Jonty Hearnden’s Antiques Guide: Fine Art
The Sloaney is delighted to partner with BBC presenter Jonty Hearnden on a three part series about art, jewellery and furniture. Jonty will be exclusively revealing to readers what is hot or not in the auction markets and how you could be overpaying for the insurance of your antiques.
In the first feature, we are focusing on works of art. Contemporary British art has seen big gains at auction in recent years, with strong demand for both originals and prints. Works by artists such as David Hockney, Tracey Emin and Bridget Riley are selling like hotcakes.
Jonty explains: “Limited edition prints by contemporary artists are a great thing to invest in at the moment because the prices have just been going up and up. I went to the Summer Exhibition at the Royal Academy recently and Tracey Emin could have sold her prints thirty or forty times over.”
Prices of sought-after prints can range from a few hundred pounds to several thousand for a desirable work by Banksy. Jonty says 20th Century artists such as Lowry and Picasso are also on the rise – although there are still some amazing bargains to be had, “You can acquire a signed print by Picasso for as little as £3,000 to £4,000, which is an amazing thing to hang on your wall. Of course, originals by 20th Century artists fetch far more than prints. I know of a vender who paid £50,000 in 2003 for a pair of paintings by Lowry. They were sold ten years later for £90,000.”
There is also currently buoyant demand for modern works by Russian artists and there are strong emerging markets for contemporary Chinese and Indian art. Unfortunately the flip side of this is that values of traditional British art from the 18th and 19th Century have plummeted – and the market for European Old Masters is also diminishing.
Jonty adds: “The art that was produced in Britain during the 18th and 19th Century tended to be soft in nature and romantic in style – with lots of country scenes typified by John Constable’s The Hay Wain. Whilst fine art may like that of Constable may have held its value, generally the market for this style of art has diminished because nobody wants a painting of a field full of buttercups anymore. Similarly, the Newlyn school of art, which was characterized by paintings of fisher folk and harbour scenes, has fallen by the wayside since the height of its popularity during the 1980s and 1990s.”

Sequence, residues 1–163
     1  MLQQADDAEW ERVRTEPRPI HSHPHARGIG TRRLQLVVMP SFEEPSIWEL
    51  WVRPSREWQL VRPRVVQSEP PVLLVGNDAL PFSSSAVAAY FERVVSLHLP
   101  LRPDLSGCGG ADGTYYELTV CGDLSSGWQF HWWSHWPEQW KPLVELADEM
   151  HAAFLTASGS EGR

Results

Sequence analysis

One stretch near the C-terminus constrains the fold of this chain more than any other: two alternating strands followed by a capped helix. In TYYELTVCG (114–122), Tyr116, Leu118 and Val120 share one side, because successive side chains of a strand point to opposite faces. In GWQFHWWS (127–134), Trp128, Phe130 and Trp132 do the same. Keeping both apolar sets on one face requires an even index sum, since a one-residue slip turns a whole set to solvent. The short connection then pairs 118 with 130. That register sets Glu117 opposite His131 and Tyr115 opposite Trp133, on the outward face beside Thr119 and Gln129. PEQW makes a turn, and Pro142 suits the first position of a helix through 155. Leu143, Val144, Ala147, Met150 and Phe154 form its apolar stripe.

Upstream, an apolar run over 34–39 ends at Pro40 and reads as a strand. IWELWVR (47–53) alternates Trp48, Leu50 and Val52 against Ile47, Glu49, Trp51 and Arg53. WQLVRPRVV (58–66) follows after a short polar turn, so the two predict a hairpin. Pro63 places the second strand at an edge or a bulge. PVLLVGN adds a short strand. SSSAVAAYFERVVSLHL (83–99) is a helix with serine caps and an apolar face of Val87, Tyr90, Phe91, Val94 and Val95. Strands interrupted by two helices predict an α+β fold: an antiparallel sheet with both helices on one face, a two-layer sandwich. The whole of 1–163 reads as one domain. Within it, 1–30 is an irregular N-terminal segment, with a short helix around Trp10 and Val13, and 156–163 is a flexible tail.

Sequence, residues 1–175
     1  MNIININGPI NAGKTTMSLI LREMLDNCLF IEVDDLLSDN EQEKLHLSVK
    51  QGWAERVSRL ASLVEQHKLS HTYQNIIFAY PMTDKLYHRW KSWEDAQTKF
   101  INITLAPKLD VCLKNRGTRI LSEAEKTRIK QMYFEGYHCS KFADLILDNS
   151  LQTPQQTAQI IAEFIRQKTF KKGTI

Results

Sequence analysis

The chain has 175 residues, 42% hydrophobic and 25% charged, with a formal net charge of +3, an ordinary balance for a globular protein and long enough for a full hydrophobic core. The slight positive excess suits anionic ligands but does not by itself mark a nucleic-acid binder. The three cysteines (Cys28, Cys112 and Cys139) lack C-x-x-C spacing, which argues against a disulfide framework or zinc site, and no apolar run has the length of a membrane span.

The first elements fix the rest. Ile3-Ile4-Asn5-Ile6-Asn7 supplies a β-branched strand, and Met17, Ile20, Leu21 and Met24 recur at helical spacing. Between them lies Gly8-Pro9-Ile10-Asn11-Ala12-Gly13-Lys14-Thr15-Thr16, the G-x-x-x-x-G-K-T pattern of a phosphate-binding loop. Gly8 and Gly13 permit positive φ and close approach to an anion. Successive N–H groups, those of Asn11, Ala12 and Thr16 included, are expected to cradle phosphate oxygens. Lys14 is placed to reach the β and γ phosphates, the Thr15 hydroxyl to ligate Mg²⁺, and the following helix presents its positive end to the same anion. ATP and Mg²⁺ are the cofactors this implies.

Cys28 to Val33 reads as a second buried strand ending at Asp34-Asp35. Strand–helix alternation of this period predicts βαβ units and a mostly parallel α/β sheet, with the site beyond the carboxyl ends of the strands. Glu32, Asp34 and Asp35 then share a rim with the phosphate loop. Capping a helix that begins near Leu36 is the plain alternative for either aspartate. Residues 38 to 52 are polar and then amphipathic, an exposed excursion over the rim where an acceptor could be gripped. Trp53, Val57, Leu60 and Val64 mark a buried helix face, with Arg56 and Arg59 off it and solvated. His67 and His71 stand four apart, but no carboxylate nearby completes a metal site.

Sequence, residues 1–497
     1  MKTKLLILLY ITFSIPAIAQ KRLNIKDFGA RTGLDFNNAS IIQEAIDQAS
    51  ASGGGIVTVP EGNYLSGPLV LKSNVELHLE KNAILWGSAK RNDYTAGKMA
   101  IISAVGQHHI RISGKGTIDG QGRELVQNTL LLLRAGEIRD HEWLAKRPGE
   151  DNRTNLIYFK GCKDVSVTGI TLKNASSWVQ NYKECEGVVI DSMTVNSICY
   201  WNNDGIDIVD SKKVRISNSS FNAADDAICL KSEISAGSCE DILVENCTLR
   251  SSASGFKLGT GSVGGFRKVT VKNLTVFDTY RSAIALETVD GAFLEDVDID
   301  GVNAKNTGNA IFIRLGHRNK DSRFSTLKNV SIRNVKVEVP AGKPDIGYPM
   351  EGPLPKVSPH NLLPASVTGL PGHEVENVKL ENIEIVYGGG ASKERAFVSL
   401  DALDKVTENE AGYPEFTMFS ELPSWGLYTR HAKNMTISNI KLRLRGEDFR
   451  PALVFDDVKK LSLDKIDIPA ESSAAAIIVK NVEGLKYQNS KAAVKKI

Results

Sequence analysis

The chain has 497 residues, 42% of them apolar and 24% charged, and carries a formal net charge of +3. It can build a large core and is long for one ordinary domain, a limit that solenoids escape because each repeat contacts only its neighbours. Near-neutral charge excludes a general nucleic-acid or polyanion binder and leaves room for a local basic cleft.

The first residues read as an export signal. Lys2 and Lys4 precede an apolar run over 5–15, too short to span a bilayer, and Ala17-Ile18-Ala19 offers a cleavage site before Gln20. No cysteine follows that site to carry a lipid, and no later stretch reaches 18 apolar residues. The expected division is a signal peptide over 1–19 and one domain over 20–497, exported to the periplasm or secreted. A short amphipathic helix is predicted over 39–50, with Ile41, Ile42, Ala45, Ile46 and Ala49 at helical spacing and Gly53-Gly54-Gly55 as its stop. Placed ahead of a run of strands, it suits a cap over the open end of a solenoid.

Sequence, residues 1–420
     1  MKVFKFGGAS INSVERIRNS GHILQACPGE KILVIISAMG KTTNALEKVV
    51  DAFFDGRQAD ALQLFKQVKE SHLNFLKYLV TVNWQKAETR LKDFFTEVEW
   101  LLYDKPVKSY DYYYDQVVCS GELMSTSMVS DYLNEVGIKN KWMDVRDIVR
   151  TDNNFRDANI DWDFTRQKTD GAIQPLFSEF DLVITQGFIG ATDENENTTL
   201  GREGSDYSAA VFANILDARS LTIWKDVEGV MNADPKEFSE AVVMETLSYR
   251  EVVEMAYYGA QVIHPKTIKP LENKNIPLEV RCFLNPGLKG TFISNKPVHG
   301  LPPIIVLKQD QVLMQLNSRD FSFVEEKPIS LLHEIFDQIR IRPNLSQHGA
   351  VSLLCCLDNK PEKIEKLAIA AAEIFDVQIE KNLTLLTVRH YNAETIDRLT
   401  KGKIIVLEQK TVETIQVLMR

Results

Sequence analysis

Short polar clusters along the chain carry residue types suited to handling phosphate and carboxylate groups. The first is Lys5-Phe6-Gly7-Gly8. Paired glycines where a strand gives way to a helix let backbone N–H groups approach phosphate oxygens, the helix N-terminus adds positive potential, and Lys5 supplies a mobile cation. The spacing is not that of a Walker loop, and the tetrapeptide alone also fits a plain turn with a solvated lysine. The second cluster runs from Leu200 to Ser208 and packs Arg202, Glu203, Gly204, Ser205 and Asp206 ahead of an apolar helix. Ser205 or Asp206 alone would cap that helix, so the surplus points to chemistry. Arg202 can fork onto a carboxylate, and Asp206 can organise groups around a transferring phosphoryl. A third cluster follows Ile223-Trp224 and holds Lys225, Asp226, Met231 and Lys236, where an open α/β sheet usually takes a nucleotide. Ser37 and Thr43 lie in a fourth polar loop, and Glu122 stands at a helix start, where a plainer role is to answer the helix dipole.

If you are unsure of the current value of your owned art work, Jonty and his BBC show Cash In The Attic has just launched a website that provides expert valuations for a small fee. You simply upload a photo or video of your item with a description and an expert will do the rest.
One art-lover recently visited CashInTheAttic.com in order to value a painting by urban artist Banksy, which was bought ten years ago for around £5,000 – but is now estimated to be worth up to £150,000. With a fluid market, it seems that knowing the value of your art has never been more important.
Coming Soon: In the second part of our series Jonty will focus on furniture
You can get any item valued by an expert from Cash In The Attic by visiting www.CashInTheAttic.com. Valuations cost £6.99 and Valuation Certificates are normally emailed within 48 hours.